The Cornwall and West Devon Mining Landscape (Cornish Mining) has been recognised as having cultural importance on a global scale and has been awarded the status of a World Heritage Site.
Cornish Mining represents one of the longest histories of industrial heritage conservation in the world and is unique in being the first of its kind concerned with the mining and ore processing of tin and arsenic, together with copper and other industrial metals. Through these advances the industry contributed substantially to the industrial revolution in the rest of Britain.
Cornish Mining now joins the ranks of world-famous sites such as the Taj Mahal, the Great Wall of China and the Grand Canyon.
The World Heritage Site covers mining landscapes dating from 1700 to 1914, when deep hard-rock mining was developed locally and major technological developments within the area helped to transform mining both locally and worldwide.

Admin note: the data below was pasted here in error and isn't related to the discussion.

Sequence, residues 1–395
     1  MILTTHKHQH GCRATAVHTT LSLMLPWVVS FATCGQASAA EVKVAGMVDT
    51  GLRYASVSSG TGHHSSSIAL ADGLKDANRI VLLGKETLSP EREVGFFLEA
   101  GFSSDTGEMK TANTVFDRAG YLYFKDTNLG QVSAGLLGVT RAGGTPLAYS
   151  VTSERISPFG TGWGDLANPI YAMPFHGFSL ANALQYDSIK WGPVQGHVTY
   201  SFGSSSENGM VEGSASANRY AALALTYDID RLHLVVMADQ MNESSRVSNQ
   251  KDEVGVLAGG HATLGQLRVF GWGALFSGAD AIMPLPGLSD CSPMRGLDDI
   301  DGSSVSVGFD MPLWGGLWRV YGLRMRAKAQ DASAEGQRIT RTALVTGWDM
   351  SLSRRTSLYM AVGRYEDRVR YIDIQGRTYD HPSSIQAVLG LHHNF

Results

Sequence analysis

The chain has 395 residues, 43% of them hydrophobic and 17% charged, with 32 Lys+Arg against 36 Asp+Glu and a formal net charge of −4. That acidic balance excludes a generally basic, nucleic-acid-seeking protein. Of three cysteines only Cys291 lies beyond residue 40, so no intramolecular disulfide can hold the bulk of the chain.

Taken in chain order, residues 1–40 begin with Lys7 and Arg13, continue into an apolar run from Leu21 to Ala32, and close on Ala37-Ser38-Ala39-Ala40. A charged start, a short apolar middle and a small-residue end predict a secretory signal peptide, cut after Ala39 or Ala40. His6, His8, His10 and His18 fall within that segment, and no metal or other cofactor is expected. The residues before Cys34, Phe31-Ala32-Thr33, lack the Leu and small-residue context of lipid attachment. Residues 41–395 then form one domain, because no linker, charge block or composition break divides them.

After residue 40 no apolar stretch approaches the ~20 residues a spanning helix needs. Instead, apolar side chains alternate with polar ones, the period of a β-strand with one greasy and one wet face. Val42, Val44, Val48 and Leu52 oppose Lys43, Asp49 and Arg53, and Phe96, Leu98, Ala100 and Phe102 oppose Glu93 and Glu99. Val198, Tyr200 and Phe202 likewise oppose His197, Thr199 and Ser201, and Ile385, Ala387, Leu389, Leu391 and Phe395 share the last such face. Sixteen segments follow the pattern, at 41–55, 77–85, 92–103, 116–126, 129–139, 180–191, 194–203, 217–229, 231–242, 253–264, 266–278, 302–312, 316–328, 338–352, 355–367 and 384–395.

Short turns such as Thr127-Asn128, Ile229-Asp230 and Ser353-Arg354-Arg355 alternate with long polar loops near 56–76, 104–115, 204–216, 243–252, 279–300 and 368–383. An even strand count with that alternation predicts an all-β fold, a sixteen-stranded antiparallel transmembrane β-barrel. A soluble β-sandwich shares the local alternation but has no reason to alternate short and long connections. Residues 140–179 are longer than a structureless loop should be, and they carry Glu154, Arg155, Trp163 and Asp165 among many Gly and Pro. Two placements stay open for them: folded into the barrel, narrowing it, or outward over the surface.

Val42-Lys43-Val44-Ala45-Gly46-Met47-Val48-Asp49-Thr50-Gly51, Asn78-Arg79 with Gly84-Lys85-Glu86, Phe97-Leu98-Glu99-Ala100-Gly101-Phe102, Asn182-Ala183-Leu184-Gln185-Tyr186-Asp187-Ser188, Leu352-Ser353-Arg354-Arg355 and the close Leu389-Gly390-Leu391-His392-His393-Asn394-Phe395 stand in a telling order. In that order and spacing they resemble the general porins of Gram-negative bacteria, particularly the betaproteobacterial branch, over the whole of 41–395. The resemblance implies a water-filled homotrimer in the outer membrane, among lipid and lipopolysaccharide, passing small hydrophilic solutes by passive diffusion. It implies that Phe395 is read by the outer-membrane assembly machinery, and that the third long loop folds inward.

Made up of ten distinct areas where the physical remains of mining from this period are best represented, the Site includes the mines themselves, the remains of the early infrastructure and the surviving evidence of its social and economic consequences including distinctive settlement patterns.
Areas included are: St Just in Penwith; Hayle; St Day/Gwennap; Camborne/Redruth; Godolphin/Tregonning; Wendron; St Agnes; Caradon; Luxulyan Valley and Charlestown; Tamar Valley and Tavistock.
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